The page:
What Are RSUs on Form W-2?

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Restricted stock units (RSUs) are company shares granted to employees, but with restrictions on ownership rights, usually tied to a vesting schedule. RSUs that appear on Form W-2 indicate that shares have been delivered to you, which usually happens after vesting. This is a taxable event with implications that can affect withholding from your paychecks and your tax liability when you file your tax return.

Key Takeaways

  • Restricted stock units (RSUs) are company shares granted to employees but with restrictions on ownership rights, usually tied to a vesting schedule.
  • RSUs on Form W-2 indicate that shares have been delivered to you, which usually happens after vesting.
  • Once transferred to the employee, RSUs are included as wages, and they are taxable at the fair market value of the stock.
  • If your employer withholds too much or too little tax on your RSUs, you may need to submit a new Form W-4 to adjust.

How RSUs Are Taxed

RSUs are given to employees as part of their compensation. The shares are issued on a vesting schedule, meaning they aren't transferred to you until you've been with the employer for a certain amount of time or hit required performance milestones. Once transferred, the RSUs are taxable.

The entire value of the stock is considered ordinary income after RSUs have been transferred. The fair market value of the stock at the time of distribution becomes part of the employee's wages for the year, and it's reported on their W-2 form at tax time.

Form W-2 (2022)

If you don't sell the shares right away, you'll later owe capital gains tax on the amount of any gain (the sale price minus the fair market price when you received the shares). If the share price has gone down, you'll be able to recognize a capital loss on the sale.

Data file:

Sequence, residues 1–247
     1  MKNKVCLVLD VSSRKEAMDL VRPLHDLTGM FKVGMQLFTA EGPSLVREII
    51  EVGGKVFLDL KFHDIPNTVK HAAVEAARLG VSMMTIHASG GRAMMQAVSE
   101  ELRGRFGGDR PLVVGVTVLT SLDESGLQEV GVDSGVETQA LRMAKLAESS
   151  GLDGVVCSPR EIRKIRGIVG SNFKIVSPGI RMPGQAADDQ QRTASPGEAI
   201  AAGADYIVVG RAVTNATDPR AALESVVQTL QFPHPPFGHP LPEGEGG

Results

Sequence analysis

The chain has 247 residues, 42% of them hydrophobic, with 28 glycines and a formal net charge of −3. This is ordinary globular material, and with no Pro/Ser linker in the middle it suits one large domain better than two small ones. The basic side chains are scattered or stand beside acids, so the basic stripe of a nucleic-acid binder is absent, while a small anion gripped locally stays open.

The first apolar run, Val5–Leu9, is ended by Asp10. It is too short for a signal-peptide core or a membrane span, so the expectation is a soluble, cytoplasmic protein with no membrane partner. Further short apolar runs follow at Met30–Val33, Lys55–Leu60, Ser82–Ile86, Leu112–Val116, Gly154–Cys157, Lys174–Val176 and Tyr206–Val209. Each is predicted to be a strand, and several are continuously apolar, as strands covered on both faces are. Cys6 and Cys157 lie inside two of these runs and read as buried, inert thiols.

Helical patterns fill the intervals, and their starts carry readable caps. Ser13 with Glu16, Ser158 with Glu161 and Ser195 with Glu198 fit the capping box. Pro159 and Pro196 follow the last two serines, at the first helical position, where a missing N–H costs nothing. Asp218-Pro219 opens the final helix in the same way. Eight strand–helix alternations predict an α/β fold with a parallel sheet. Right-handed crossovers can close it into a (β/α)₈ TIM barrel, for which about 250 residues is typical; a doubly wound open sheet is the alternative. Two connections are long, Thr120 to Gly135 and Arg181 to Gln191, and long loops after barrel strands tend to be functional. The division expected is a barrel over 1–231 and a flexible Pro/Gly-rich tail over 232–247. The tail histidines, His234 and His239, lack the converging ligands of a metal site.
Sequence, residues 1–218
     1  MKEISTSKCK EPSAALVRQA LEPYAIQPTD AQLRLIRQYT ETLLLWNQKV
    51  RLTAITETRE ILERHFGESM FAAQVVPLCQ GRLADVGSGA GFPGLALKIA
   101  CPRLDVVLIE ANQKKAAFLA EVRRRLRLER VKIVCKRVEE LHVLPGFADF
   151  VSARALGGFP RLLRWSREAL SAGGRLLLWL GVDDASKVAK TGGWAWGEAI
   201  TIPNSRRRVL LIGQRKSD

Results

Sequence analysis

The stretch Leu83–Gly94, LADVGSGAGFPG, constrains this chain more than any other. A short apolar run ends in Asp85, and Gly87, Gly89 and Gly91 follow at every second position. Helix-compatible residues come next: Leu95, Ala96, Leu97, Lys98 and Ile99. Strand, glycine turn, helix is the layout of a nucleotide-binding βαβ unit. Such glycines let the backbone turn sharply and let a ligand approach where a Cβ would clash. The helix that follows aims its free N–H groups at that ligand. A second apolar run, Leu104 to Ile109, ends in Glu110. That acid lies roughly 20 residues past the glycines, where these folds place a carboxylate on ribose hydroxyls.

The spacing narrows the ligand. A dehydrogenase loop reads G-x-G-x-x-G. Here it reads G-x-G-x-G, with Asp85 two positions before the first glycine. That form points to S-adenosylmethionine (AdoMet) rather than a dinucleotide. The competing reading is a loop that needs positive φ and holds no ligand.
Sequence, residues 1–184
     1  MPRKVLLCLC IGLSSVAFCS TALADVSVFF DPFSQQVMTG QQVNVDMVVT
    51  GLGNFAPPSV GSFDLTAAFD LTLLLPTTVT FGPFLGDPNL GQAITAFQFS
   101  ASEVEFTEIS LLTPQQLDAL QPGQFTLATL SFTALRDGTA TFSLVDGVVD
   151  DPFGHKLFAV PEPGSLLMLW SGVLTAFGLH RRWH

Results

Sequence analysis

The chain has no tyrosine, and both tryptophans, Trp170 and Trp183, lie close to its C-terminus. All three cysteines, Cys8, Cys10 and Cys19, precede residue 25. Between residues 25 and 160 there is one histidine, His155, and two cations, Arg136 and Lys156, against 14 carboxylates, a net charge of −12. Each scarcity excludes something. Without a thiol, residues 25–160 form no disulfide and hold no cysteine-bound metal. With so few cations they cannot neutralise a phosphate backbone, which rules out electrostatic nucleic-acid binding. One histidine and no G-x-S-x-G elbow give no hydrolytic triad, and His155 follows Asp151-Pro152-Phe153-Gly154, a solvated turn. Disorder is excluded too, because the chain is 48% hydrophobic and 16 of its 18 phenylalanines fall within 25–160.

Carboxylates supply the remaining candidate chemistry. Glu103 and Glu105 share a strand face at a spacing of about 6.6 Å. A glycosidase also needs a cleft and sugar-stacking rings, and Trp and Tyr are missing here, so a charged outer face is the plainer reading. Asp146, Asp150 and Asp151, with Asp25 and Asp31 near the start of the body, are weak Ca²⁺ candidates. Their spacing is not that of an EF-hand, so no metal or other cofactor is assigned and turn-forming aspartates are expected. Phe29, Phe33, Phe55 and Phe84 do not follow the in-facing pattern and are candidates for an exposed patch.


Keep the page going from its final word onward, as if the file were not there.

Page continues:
RSUs and Withholding

Your employer reports your income to you and to the IRS on your Form W-2. You'll receive copies providing you with the information you'll need to prepare your federal and state tax returns.

RSUs are considered income for the tax year in which they're transferred to you. They're subject to withholding for federal and state income tax, Social Security and Medicare taxes, and any other payroll-related taxes. This can create problems that you should adjust for in your own estimated tax payments or on your Form W-4.

A higher percentage of your pay is deducted for tax withholding and might result in your wages being over-withheld if your employer includes the restricted stock income with your regular pay for the pay period. However, your wages could be under-withheld if your employer includes the RSUs as a bonus or supplemental pay.

Employers withhold at a flat rate of 22% on the first $1 million of supplemental wages paid out during the calendar year. Once supplemental wages for the year exceed $1 million, employers withhold at a flat rate of 37%. The 22% flat rate could result in too little being withheld for taxes, depending on your tax bracket.